Why has Sebi tightened the IPO norms?

The debacle of Paytm IPO, wherein its share price crashed by nearly 50 per cent in just two days, ruffled the market regulator SEBI. In the past few IPOs, it was noticed that the new age fintech companies raised money at exorbitant prices and there was room for the anchor investors to get out in just a few days of the listing of the IPOs. Moreover, those large investors who had invested very little money in these fintech companies a few years prior to the IPO made a killing in the share sale as market frenzy ensured that even the IPOs with obscene price-to-earnings multiple sailed through. The grey market operations played a major role in aiding the exit of pre-IPO investors at sky high valuations. But the crash in Paytm share price immediately on listing was the last nail in the coffin. Hence, SEBI has come up with strict IPO related rules.

Why has it chosen to focus on utilisation of funds?

Most new age fintech companies have a novel concept of providing digital platforms to their customers, thereby making them an instant hit in the consumer market. But these companies are loss-making and when it came to providing a roadmap for futures profits, they are vague ideas and offer nothing concrete that investors could read in the IPO prospectus. Paytm, Zomato, Policybazaar are a few examples of companies that have remained loss-making since their inception. Nykaa turned profitable just a year ahead of its IPO but it is not certain how it could sustain and keep growing its profits. It managed to get an unbelievable PE of nearly 2,000 post listing. In the absence of a business model that could churn profits for such companies immediately, all they wanted was more fund raising from new investors to keep the ball rolling and give an exit to the earlier investors. Thus, when they came to the IPO market to raise money from retail clients, these companies gave vague reasons like 'future acquisitions' for fundraising and yet managed to get money purely due to the market frenzy. Hence, SEBI has decided to tighten norms to ensure that there is no mis-use of the funds.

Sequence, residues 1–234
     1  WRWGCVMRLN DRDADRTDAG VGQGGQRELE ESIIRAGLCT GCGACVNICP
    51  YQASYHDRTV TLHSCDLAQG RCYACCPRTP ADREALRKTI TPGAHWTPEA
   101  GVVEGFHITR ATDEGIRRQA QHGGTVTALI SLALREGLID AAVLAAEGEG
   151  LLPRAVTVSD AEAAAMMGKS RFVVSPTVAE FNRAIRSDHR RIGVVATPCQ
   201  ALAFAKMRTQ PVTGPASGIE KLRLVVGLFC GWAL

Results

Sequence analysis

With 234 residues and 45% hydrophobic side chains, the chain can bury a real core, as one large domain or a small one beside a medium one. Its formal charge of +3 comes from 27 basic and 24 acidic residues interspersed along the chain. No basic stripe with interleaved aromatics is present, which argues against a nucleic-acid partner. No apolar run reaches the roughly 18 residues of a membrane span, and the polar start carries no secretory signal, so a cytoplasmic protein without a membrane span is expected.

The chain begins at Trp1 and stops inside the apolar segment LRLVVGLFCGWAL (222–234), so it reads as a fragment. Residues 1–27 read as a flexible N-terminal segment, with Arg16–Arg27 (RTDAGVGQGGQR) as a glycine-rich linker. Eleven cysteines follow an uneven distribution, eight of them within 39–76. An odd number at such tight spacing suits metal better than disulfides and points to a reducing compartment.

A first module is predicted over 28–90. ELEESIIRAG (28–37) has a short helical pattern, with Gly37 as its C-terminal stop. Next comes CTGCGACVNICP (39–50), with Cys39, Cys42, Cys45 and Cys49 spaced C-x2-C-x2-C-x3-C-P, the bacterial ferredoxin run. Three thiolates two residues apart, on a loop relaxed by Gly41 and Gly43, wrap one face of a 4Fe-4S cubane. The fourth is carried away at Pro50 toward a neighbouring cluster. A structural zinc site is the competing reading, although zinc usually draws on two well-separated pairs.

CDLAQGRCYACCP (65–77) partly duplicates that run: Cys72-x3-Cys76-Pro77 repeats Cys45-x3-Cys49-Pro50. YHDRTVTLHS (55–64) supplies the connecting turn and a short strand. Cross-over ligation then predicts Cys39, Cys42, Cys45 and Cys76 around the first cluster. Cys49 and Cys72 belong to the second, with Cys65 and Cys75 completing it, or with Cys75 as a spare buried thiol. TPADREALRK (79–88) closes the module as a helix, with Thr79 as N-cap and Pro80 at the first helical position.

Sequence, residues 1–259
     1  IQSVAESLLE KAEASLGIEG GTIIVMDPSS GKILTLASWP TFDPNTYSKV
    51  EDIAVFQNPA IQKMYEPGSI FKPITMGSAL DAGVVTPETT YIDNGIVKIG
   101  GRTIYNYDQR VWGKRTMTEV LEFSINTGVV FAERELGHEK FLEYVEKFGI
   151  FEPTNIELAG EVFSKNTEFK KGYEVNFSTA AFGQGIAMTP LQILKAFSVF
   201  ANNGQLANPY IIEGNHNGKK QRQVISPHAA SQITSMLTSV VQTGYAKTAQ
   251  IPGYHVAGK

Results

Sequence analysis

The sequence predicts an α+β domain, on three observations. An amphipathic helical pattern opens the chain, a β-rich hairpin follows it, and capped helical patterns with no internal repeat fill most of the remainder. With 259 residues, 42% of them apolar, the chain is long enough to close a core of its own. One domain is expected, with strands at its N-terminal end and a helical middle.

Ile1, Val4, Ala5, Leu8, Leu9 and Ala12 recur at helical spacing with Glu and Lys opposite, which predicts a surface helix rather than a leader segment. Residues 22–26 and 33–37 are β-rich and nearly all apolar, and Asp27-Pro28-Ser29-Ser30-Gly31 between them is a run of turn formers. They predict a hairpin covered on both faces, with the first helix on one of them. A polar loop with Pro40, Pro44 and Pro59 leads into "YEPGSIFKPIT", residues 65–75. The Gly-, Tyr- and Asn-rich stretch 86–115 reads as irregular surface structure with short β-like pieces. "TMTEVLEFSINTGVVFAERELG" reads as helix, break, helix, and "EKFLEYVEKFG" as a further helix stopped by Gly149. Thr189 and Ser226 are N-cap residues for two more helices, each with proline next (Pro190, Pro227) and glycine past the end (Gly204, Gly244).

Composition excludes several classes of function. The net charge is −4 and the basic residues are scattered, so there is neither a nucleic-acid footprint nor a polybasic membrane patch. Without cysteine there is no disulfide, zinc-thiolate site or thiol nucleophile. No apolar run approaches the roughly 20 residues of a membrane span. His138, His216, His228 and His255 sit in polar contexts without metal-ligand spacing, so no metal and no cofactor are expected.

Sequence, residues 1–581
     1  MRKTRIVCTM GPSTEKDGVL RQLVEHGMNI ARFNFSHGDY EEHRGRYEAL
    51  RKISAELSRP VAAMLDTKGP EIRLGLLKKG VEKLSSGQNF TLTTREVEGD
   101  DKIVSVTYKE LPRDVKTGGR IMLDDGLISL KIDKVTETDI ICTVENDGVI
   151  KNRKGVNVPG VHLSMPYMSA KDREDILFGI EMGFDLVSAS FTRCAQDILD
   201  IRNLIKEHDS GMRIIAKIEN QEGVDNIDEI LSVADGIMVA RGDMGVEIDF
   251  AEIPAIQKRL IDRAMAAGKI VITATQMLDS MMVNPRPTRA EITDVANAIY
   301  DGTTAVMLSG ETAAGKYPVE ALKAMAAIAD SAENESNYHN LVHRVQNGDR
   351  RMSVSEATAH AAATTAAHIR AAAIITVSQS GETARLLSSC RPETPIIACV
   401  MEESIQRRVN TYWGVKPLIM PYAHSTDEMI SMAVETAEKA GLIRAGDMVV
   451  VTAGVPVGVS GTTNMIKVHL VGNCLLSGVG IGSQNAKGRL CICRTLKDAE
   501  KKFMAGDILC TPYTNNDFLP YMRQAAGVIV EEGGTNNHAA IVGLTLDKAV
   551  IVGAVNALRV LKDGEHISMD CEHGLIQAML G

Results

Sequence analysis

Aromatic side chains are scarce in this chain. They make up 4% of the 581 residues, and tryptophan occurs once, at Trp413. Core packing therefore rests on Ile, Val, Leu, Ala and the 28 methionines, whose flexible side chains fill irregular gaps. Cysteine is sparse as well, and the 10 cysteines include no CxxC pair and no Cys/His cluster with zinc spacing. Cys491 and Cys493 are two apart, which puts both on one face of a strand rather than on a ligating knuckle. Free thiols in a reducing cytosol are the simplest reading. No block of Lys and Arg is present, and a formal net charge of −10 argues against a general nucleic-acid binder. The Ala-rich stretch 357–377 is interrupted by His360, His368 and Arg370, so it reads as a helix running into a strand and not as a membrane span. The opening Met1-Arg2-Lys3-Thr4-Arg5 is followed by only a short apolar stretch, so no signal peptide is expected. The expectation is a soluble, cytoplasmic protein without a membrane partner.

Why an increase in lock-in period for anchor investors?

SEBI has imposed a 90-day lock-in for the anchor investors, who get shares allotted pre-IPO. Earlier, these investors could exit in 30 days of a company's listing. SEBI believes that if the anchor investors are forced to take a longer than one month view on IPO bound companies then there would be rationalising of IPO pricing for the retail investors as well. If the IPO price is exorbitant, anchor investors would stay away and companies and merchant bankers would be compelled to bring some rationality in the pricing of their IPO. Grey market operators too could find it difficult to hold the shares higher for three months due to cost of funds and this will discourage IPO price manipulation.

Will these measures make IPOs less attractive for the corporates?

It is too early to say that. But SEBI's move could work in the sense that it will bring rationality to IPO-pricing. The regulator believes that if the IPO price is rational, it may not stop anchor investors from taking a long-term bet.

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